The Ballardian Image
Stephen Teso, 2010
From Design Observer:
When it comes to visualizations of Ballard, his admirers and fans, as close readers of the texts, have a much better idea of what an adequately Ballardian image requires than Ballard’s official mediators in publishing. Perhaps the most striking demonstration of the perspicacity of Ballard’s fans can be seen in the community-based, image-sharing website, Flickr. The site allows members of the public, mostly amateur photographers, to upload their own pictures. These images can then be tagged with a range of keywords so that the photos will show up in different Flickr collections. Thousands of pictures have been classified with the tags “Ballardian” and “J.G. Ballard” and there is a Ballard group, founded in 2005, consisting (on 3 February 2011) of 585 members. They provide a brief mission statement: “This group shall collect images that evoke the narrative of J.G. Ballard. Drained swimming pools in suburban landscapes, gated communities with their security video surveillance, highway embankments, deserted airport concourses, the post industrial nightmare of the end of the western empire.”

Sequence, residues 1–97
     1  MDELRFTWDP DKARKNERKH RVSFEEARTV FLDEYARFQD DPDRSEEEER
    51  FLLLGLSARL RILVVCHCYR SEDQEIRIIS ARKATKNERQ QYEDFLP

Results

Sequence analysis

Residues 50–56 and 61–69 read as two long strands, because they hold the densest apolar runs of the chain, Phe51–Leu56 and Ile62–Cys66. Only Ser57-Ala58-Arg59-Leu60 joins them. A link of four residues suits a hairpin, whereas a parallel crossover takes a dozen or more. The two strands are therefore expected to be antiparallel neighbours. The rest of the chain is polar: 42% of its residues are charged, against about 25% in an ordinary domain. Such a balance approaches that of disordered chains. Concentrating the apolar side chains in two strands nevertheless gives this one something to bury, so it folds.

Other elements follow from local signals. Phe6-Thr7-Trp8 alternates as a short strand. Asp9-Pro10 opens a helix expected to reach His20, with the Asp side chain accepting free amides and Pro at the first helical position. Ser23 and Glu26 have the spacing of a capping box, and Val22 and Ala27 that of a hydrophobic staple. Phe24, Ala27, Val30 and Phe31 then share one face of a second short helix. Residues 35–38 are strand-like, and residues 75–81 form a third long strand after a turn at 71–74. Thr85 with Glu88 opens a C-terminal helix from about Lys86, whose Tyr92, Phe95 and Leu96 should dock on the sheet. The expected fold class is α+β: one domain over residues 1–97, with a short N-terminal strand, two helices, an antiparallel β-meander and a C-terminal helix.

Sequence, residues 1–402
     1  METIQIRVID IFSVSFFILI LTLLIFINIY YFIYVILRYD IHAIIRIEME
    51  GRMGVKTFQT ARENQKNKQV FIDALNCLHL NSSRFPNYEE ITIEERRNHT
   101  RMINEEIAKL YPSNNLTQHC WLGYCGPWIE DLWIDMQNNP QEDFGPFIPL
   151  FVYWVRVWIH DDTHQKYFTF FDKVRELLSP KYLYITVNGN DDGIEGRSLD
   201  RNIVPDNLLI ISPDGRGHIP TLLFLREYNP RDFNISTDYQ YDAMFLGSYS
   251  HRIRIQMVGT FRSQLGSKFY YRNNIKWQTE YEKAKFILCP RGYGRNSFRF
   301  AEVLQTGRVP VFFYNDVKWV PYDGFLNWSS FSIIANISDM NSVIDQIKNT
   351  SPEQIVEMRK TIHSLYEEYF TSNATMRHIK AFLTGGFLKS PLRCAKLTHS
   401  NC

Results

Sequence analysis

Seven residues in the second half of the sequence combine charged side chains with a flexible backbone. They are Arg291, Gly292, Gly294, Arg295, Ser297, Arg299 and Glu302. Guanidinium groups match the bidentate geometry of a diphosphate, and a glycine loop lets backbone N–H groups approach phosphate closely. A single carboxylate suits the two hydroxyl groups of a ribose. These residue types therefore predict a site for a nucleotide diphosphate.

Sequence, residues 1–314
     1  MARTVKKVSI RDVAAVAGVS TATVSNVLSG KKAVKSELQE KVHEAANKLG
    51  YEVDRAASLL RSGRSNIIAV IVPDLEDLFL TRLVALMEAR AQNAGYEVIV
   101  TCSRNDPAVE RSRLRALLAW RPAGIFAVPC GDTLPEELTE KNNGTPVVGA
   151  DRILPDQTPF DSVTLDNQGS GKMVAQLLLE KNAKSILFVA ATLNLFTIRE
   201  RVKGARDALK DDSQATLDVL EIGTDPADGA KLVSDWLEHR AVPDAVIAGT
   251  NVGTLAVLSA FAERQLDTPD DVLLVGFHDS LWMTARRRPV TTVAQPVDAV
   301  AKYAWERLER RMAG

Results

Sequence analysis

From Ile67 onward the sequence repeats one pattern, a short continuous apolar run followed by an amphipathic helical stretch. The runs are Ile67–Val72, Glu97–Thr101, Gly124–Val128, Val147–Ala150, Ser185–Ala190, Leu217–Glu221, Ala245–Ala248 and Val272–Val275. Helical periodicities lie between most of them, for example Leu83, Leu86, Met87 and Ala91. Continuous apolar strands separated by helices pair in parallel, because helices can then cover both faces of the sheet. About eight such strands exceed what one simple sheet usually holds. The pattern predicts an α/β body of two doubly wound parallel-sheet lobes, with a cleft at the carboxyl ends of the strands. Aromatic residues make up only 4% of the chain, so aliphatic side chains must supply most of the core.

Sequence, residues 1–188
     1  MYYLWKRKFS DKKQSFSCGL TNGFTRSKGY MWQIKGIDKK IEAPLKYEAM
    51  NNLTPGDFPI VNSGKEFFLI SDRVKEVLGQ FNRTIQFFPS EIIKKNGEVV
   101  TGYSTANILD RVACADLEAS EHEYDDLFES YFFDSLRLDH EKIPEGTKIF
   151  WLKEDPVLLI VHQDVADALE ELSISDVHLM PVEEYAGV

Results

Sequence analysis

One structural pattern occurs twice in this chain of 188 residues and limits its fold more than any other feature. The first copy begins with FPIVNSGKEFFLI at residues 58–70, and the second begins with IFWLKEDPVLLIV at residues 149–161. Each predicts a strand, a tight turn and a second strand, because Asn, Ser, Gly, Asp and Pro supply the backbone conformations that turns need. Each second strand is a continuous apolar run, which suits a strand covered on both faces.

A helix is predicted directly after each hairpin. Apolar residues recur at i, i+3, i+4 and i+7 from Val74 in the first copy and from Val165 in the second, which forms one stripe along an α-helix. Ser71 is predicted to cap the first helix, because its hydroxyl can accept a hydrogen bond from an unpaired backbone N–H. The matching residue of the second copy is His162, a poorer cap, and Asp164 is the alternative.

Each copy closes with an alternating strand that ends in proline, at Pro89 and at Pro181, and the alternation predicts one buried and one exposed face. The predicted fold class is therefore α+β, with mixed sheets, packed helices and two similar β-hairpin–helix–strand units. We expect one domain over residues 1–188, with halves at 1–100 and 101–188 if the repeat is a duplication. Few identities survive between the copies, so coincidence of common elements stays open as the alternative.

Some members upload dozens and even hundreds of pictures on these themes. While many are mundane, limited by the photographer’s eye and skill, the best attain a high level of intensity and resonance. Inevitably, there are smashed cars but covers of Crash have often displayed the same literalism. Other images of cars attain a heightened realism — a Surrealism — that might recall the dream car buried in the sand on the cover of The Drought. Some pictures display a Ballardian relish for the deserted, empty, drained, ruined and abandoned. Many photographers venture under the concrete roadways to document the immense stanchions and soaring thoroughfares.
The flyover has become a defining Ballardian image in publishing and commentary, so there is a sense, here, of the image-makers affirming their perception of Ballard and the personal meanings that his texts hold for them by adding their own versions of these images to a potentially limitless library of scenarios and epiphanies, which any Ballard reader with visual inclinations might share.
David Pelham, 1974